Sales tax

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Posted by pompos 02/27/2009 @ 13:38

Tags : sales tax, taxes, finance

News headlines
Stroger allies now agreeing to four-year rollback of sales tax - Chicago Daily Herald
By Rob Olmstead | Daily Herald Staff Cook County commissioners - including some who had appeared poised to back the president in his veto of a one-year rollback of the 1-percentage-point sales tax increase - are now apparently on board with a rollback,...
Sales tax increase gaining traction in state Senate - Boston Globe
''I would rather do the sales tax than any of those other taxes, especially the gas tax,'' Senator Steven C. Panagiotakos, chairman of the Senate Ways and Means Committee, said yesterday. (David L. Ryan/Globe Staff) By Matt Viser Sentiment in the state...
NJ reclaims $40M in sales tax mistake - Philadelphia Inquirer
The zones allow businesses to charge half the normal sales tax and the revenue generated helps fund development within the zones. The mistake dates back to 2006 when the state sales tax increased from 6 to 7 percent. The Treasury Department says half...
Suburbs take heavy tax revenue hit when dealership closes - Chicago Sun-Times
A single car dealership, on average, provides $280000 in sales tax annually to each community, said Jerry Cizek, president of the Chicago Automobile Trade Association. In southwest suburban Countryside, where Chrysler targed Continental Chrysler Jeep...
Stupid Tax Policy - The Star-Ledger -
The BALVOR study also concluded that almost $5 million in general sales tax revenue will be lost. So, the tax increase will cause revenues to fall by almost $12 million. But that's not the entire story. The tax hike will erode convenience store sales,...
HSB bright spot in sales tax receipts - Burnet Bulletin
by Brian Kirkpatrick The May sales tax allocations from the State Comptroller's office to cities in Burnet and Llano counties remain down, but Horseshoe Bay appears recession proof. May's sales tax allocations to local governments represent March sales...
Bradley County Votes on Sales Tax Increase - WTVC
Bradley County residents came out today to vote on a possible increase in county sales tax. If passed, the sales tax would increase from 2.25% to 2.75%. But voters have mixed feelings over whether the tax increase should be passed....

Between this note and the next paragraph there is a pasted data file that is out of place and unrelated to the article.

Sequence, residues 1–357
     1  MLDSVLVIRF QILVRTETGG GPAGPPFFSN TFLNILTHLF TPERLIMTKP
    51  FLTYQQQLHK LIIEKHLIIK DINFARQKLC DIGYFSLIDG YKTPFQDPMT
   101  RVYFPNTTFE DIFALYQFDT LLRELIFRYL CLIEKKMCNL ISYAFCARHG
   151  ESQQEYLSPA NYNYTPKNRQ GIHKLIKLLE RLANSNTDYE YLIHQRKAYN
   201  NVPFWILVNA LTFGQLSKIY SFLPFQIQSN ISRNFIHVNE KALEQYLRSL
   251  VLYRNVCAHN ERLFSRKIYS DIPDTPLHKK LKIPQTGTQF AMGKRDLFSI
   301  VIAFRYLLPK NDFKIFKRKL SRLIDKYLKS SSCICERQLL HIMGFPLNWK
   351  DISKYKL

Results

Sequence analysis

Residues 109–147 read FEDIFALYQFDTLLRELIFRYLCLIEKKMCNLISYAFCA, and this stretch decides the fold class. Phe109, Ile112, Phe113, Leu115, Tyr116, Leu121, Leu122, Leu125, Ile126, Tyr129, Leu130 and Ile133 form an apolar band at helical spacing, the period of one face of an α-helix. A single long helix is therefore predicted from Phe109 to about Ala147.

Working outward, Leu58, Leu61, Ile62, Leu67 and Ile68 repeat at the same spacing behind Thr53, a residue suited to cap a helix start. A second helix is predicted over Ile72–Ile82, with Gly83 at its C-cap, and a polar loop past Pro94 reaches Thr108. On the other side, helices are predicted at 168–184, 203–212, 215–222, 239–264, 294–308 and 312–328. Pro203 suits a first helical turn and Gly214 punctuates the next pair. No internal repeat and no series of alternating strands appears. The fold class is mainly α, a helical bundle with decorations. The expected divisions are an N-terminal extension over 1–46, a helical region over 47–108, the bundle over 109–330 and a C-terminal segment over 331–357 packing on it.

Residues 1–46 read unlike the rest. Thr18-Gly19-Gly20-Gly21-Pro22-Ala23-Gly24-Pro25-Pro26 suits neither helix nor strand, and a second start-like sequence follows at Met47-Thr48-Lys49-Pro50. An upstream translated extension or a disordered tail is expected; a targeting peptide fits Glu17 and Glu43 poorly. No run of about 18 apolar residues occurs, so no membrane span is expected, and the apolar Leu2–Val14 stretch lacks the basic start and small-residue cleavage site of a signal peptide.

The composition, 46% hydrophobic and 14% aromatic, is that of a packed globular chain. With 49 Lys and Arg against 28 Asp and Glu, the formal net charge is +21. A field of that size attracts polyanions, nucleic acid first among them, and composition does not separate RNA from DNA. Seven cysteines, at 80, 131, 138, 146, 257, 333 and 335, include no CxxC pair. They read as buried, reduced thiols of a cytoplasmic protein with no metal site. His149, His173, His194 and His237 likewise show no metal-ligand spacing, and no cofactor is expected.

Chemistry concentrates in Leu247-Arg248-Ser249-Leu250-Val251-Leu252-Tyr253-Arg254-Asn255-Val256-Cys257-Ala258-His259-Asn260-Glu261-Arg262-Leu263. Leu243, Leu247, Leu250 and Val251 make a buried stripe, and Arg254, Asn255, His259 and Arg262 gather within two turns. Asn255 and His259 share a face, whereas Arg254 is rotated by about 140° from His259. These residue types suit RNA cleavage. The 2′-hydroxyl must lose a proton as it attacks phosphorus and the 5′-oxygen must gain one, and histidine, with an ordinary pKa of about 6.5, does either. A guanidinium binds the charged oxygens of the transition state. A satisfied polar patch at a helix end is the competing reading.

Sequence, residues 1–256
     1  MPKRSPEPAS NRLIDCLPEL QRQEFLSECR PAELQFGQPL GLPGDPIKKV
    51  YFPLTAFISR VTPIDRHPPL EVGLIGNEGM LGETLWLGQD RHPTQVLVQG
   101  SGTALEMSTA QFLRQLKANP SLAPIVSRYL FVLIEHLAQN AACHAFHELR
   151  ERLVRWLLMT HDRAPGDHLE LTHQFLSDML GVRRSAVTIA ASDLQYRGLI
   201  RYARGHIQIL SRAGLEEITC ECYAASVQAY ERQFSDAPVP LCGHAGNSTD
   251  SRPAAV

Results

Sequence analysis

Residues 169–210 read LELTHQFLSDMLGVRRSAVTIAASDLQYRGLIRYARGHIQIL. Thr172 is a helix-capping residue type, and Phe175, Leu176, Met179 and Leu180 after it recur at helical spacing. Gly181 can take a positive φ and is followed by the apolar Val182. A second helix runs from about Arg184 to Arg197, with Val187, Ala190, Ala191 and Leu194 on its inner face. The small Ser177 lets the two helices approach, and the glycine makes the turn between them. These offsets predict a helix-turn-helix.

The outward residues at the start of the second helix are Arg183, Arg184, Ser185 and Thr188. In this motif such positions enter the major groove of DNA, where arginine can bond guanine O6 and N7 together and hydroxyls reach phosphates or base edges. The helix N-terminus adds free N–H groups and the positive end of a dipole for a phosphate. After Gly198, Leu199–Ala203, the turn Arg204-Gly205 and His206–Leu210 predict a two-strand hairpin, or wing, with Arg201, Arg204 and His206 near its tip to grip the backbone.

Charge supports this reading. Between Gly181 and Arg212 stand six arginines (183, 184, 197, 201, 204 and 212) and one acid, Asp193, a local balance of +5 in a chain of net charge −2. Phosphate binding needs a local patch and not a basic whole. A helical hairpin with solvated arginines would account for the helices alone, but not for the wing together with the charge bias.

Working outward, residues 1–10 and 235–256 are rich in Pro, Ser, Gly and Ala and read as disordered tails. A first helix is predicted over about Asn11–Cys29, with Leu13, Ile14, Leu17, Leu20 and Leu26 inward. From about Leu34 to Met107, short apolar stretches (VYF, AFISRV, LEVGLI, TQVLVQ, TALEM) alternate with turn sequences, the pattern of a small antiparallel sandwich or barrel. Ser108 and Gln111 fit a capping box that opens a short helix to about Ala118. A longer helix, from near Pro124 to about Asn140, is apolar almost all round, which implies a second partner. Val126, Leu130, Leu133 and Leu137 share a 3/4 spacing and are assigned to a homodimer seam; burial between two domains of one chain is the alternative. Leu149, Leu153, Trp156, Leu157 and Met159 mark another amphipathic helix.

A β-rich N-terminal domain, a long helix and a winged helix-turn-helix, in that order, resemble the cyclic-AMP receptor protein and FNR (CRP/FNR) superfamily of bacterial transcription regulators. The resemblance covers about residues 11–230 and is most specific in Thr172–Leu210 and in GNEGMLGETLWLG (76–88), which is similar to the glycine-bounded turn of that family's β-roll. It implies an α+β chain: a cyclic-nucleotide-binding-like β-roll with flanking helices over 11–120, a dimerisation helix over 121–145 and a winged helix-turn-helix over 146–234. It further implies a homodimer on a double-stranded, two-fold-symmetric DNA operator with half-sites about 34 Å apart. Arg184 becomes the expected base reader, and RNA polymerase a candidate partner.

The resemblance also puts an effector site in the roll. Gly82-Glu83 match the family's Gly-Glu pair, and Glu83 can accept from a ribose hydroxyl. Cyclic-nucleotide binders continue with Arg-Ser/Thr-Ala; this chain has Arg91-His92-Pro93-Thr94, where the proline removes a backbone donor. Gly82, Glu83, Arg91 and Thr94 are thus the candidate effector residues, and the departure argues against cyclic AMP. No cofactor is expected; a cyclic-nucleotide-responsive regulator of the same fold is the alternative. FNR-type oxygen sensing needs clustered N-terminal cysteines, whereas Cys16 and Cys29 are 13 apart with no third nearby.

Sales tax collections drop in Texas, nation - Fort Worth Star Telegram
In Texas, sales taxes make up more than half the state's tax revenue. Officials projected these drops in sales tax collections because they expected to see lags in industries such as retail, construction, and oil and gas, said RJ DeSilva,...
ERIE COUNTY: Sales tax shortfall causing concern - Tonawanda News
By Daniel Pye Numbers are in for Erie County's sales tax revenue in this year's first quarter, and the news isn't good. A letter from Erie County Comptroller Mark Poloncarz sent to the Collins administration Wednesday says that state data showed sales...
Mass. sales tax hike would cost jobs, says retailer group - MetroWest Daily News
By John Hilliard A higher state sales tax would hurt jobs, reduce state revenue and drive more Massachusetts consumers to buy online or in other states, the Retailers Association of Massachusetts argues. "The Legislature cannot make the Massachusetts...

Sales tax

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A sales tax is a consumption tax charged at the point of purchase for certain goods and services. The tax is usually set as a percentage by the government charging the tax. There is usually a list of exemptions. The tax can be included in the price (tax-inclusive) or added at the point of sale (tax-exclusive).

Most sales taxes are collected by the seller, who pays the tax over to the government which charges the tax. The economic burden of the tax usually falls on the purchaser, but in some circumstances may fall on the seller. Sales taxes are commonly charged on sales of goods, but many sales taxes are also charged on sales of services. Ideally, a sales tax is fair, has a high compliance rate, is difficult to avoid, is charged exactly once on any one item, and is simple to calculate and simple to collect.

A conventional or retail sales tax is charged only on the final end user. To achieve this, a purchaser who is not an end user is usually required to produce to the seller a "resale certificate". The tax is charged on each item sold to purchasers who do not produce such a certificate.